Air Quality taj mahal in india's first solar city

Published on March 6th, 2013 | by Chris Milton


India Announces Its First Solar City (In Order To Protect Taj Mahal)

March 6th, 2013 by  

The Indian city of Agra, former capital of the Indian subcontinent and home of the Taj Mahal, is to become the country’s first solar city.

The Indian government’s Ministry of New and Renewable Energy has approved plans to build 2,000 kWp of capacity in the city, around 10% of it’s current consumption, which will come from a variety of sources. These include over 1.5 million gallons of heated water per day, 6400 solar street lights, 4600 solar cookers, and 20 solar traffic lights.

The overall budget for creating India’s first solar city is estimated at $100 million, of which 70% will be shouldered by the private sector and 27% by the government. This includes both the installation of renewable energy technologies and the introduction of complimentary energy efficiency schemes.

Over 30% of the planned energy savings will come from installing solar water heating into homes while another 35% will come from domestic energy efficiency measures like phasing out incandescent light bulbs and upgrading air conditioning and refrigeration units.

The plan is scheduled to run for 5 years which fits in well with national plan to generate 1172 MW of solar energy by 2016 and the plans of the state of Uttar Pradesh, in which Agra is situated, to produce 500 MW by 2017. The south Indian city of Anantapur is also going solar. The city in the south Indian state of Andhra Pradesh is set to become the first municipality in the country to set up a solar power project to power its water pumping operations and street lights.

However despite all these facts and figures the solar city project isn’t motivated by a desire to “go green” or save money, despite Agra’s 2008 call for a youth summit on climate change. The solar city plan is being put into action to save the Taj Mahal.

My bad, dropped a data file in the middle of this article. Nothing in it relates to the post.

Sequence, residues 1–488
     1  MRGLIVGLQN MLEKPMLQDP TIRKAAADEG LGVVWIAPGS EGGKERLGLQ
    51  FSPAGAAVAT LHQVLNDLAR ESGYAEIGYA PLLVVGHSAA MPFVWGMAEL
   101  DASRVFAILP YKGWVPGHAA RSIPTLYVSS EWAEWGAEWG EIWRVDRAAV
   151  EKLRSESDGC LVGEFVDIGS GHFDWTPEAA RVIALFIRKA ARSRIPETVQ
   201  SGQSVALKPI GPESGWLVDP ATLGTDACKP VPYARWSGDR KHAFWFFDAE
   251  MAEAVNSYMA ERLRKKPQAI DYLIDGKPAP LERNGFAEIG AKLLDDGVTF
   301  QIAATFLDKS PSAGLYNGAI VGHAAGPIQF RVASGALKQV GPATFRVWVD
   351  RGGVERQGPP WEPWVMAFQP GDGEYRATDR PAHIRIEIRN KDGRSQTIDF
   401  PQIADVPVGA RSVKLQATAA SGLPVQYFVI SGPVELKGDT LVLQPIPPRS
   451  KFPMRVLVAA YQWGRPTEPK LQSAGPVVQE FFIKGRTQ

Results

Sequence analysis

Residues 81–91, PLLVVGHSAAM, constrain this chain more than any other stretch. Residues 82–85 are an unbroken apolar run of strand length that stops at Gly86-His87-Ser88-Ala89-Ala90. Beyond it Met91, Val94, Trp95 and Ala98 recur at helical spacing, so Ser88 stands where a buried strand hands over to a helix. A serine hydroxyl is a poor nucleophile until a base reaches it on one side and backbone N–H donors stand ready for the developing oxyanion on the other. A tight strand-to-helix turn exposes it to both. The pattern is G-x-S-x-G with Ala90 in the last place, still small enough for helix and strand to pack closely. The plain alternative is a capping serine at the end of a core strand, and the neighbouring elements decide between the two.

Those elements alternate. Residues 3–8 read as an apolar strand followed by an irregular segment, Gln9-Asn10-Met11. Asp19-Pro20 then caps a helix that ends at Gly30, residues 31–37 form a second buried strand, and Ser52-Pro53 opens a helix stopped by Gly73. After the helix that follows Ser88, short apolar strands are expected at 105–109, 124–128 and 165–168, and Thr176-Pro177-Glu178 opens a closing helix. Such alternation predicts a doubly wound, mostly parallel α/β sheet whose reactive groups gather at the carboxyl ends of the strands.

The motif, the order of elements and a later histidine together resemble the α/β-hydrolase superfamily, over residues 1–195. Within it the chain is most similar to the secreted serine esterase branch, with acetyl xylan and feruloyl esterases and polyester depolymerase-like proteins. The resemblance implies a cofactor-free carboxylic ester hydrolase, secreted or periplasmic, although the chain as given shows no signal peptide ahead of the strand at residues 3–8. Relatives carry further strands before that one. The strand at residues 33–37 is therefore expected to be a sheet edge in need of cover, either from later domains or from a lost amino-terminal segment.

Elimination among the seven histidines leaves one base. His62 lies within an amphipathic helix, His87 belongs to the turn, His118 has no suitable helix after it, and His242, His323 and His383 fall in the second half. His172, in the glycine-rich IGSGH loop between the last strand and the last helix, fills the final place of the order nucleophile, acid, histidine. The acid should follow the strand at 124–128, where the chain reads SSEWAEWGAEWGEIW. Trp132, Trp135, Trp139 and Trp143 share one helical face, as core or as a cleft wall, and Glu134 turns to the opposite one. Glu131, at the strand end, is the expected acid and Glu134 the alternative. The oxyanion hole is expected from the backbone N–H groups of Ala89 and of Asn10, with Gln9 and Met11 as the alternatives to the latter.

This great monument has been under threat from air pollution for decades: coal fired power stations were ordered to convert to gas by 1997; a nearby refinery ordered to build a hospital for respiratory disease victims and petrol powered vehicles banned from a few miles from the mausoleum. In 1998 the government spent around $44 million to try and clear up the city’s pollution but within years levels around the Taj Mahal had rebounded. Dangerous levels of NOx and small particulate matter are especially prevalent.

The solar city plan was born from renewed attempts in 2009 to try and save India’s most well known UNESCO world heritage site, which also included a plan to plant hundreds of thousands of tulsi trees which were chosen for their air purification properties.

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is a seasoned sustainability journalist focusing on business, finance and clean technology. His writing's been carried by a number of highly respected publishers, including The Guardian, The Washington Post and Scientific American. You can follow him on twitter as @britesprite, where he's one of Mashable's top green tweeters and Fast Company's CSR thought leaders. Alternatively you can follow him to the shops... but that would be boring.

  • Craig Allen

    I was in Agra in December. The banning of petrol powered vehicles is not in effect. You can catch a smoke belching auto richshaw to within less than 200m from the Taj. However I did come across the proud owner of the one and only electric auto-rickshaw that I saw in India.

    • Interesting to hear.

    • Bob_Wallace

      India really has cleaned up Agra in other ways.

      Back in the ’90s the air was terrible due to numerous factories and power plants which have now been relocated away from the Taj. The air now is still dirty, but nothing like it once was.

      One of the most impressive experiences I’ve had in the area was being in Dacha, Bangladesh the day before and on the day they banned 2-cycle engines. The change was remarkable. An instant improvement in air quality.

      I have pictures shot a few days before that look like old time sepia prints. Pictures of the laborers unloading ships along the river look like something from a different century. And then it changed….

      • Interesting to hear. Can only wonder what that’s like for the local residents.

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